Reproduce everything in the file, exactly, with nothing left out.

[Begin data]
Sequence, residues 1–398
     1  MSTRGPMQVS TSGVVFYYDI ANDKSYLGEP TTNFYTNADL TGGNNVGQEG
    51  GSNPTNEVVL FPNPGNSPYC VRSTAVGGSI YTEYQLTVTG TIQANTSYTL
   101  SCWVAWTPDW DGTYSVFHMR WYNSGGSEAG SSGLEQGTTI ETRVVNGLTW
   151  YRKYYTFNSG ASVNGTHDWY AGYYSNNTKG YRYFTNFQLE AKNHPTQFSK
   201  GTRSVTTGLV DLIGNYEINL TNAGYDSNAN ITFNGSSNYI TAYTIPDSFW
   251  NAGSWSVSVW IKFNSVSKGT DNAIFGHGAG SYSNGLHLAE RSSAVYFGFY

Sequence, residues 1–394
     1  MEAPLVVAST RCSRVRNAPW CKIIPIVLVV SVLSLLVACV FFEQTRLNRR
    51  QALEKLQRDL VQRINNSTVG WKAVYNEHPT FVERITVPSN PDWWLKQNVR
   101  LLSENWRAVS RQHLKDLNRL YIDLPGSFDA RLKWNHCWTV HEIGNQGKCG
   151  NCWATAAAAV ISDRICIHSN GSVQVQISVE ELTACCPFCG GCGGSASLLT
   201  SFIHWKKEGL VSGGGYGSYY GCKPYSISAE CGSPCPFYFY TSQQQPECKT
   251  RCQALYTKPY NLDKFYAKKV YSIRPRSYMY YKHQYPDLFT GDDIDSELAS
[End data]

Sequence, residues 1–398
     1  MSTRGPMQVS TSGVVFYYDI ANDKSYLGEP TTNFYTNADL TGGNNVGQEG
    51  GSNPTNEVVL FPNPGNSPYC VRSTAVGGSI YTEYQLTVTG TIQANTSYTL
   101  SCWVAWTPDW DGTYSVFHMR WYNSGGSEAG SSGLEQGTTI ETRVVNGLTW
   151  YRKYYTFNSG ASVNGTHDWY AGYYSNNTKG YRYFTNFQLE AKNHPTQFSK
   201  GTRSVTTGLV DLIGNYEINL TNAGYDSNAN ITFNGSSNYI TAYTIPDSFW
   251  NAGSWSVSVW IKFNSVSKGT DNAIFGHGAG SYSNGLHLAE RSSAVYFGFY

Sequence, residues 1–394
     1  MEAPLVVAST RCSRVRNAPW CKIIPIVLVV SVLSLLVACV FFEQTRLNRR
    51  QALEKLQRDL VQRINNSTVG WKAVYNEHPT FVERITVPSN PDWWLKQNVR
   101  LLSENWRAVS RQHLKDLNRL YIDLPGSFDA RLKWNHCWTV HEIGNQGKCG
   151  NCWATAAAAV ISDRICIHSN GSVQVQISVE ELTACCPFCG GCGGSASLLT
   201  SFIHWKKEGL VSGGGYGSYY GCKPYSISAE CGSPCPFYFY TSQQQPECKT
   251  RCQALYTKPY NLDKFYAKKV YSIRPRSYMY YKHQYPDLFT GDDIDSELAS